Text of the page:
Wednesday, January 27, 2010

Throughout most of 2009 we at Harvest Hope worked hard to feed the many hungry South Carolinians who came to us for emergency food relief. We saw that the lines were getting longer and that more and more people were showing up at our Emergency Food Pantries and at our partnering agencies’ food relief locations. It was obvious to us that the number of people in our community affected by the current economic downturn and thrown into financial hardship and nutritional despair was increasing exponentially. But now we are seeing data proving just how frightening and overwhelming the situation really is.

On Friday, January 22 the US Bureau of Labor Statistics and the SC Employment Security Commission released year-end unemployment rates, and the data confirms what we have already seen to be true: an incredible amount of people in South Carolina have lost their jobs and more continue to lose their jobs every week. As of December 2009, South Carolina showed an unemployment rate of 12.6 %, the fourth highest in the country.  273,175 South Carolinians are out of work. Our state shed over 50,000 jobs in the last year, with many counties in Harvest Hope’s service area showing levels of unemployment greatly in excess of the national unemployment rate of 10%.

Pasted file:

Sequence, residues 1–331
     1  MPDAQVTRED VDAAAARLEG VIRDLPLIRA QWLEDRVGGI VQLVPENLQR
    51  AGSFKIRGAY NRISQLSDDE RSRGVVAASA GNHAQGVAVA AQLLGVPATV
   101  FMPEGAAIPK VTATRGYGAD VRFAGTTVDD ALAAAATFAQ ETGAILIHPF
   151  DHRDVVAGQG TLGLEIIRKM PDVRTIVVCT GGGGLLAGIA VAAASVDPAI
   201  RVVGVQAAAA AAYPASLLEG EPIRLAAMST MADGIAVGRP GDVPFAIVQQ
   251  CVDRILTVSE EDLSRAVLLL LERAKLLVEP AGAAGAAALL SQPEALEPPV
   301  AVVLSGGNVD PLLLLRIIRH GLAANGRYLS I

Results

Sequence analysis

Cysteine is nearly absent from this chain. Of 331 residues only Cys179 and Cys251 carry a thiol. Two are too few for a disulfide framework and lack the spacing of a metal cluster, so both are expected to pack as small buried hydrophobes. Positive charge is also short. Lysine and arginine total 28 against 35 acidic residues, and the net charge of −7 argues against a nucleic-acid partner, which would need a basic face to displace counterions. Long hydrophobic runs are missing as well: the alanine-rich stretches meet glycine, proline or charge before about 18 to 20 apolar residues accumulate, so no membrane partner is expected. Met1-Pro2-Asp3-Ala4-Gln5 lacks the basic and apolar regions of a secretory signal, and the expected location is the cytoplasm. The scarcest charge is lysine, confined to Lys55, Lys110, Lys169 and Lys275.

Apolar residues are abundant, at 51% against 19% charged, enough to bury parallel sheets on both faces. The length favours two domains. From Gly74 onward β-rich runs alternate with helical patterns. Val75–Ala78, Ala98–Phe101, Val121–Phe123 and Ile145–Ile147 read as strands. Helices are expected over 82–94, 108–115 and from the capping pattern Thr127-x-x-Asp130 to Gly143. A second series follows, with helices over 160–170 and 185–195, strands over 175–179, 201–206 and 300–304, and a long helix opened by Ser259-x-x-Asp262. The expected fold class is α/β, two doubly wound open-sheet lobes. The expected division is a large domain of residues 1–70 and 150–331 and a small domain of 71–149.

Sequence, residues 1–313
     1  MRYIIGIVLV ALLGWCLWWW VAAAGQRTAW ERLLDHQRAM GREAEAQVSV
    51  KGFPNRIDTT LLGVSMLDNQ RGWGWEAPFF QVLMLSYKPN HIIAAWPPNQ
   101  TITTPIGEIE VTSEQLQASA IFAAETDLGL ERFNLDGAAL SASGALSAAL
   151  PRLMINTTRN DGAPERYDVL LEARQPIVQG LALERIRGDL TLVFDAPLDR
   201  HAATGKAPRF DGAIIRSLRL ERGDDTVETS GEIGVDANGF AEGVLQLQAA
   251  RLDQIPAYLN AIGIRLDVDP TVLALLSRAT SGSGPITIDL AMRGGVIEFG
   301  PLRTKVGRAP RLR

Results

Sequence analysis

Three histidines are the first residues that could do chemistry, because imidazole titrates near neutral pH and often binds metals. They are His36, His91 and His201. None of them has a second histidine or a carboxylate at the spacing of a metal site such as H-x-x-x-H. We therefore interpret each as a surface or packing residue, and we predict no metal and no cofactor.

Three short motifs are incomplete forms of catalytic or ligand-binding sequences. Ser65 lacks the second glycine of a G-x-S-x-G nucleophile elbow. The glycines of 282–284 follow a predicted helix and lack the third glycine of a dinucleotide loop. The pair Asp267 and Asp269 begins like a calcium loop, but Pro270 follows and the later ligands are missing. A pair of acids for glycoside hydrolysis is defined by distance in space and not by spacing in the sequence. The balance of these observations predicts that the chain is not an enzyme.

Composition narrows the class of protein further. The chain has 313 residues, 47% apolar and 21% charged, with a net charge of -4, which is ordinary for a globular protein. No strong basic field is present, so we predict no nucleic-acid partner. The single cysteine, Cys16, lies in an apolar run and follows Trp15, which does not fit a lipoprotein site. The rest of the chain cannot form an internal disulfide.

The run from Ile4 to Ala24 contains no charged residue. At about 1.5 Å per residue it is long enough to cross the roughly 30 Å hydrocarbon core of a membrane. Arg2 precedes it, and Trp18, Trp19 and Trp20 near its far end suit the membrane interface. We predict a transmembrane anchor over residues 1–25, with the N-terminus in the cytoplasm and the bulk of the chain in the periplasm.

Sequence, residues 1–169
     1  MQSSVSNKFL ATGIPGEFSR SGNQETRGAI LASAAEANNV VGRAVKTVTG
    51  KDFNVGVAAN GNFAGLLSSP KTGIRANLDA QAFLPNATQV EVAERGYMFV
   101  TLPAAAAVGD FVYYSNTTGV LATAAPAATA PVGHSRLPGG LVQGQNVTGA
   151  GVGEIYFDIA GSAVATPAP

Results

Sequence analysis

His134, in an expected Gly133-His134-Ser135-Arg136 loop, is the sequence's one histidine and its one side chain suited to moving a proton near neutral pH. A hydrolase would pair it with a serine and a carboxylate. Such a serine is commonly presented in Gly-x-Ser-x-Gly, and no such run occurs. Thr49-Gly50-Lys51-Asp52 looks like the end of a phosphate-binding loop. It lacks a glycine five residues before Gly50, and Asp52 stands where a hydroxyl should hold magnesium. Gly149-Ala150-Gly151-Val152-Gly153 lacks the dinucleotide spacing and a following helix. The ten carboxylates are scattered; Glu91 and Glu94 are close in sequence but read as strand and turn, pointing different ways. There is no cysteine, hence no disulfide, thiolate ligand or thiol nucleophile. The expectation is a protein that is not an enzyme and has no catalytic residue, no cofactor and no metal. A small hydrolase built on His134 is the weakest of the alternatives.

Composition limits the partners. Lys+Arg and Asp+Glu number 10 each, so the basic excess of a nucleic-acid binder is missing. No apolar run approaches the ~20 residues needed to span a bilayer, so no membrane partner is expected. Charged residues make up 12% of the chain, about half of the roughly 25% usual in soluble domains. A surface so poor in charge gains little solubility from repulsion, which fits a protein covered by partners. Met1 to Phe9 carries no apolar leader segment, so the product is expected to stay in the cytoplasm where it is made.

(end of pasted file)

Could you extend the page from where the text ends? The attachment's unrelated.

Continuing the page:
The average unemployment rate for the 20 counties served by Harvest Hope is 14.77%. The ten-county Columbia service area shows an unemployment rate of 12.1%, while the eight-county Pee Dee service area shows a rate of 17.44%. Marion County is the hardest hit in our service area, with an unemployment rate of 22.8%.

According to information just released by the Food Research and Action Center (FRAC), South Carolina was fifth in the nation for families suffering from food hardship in 2009, with 22.4% of the state’s population reporting they did not have enough money to buy food. Columbia was 15th in the nation, with 20.7 % of families suffering from food hardship.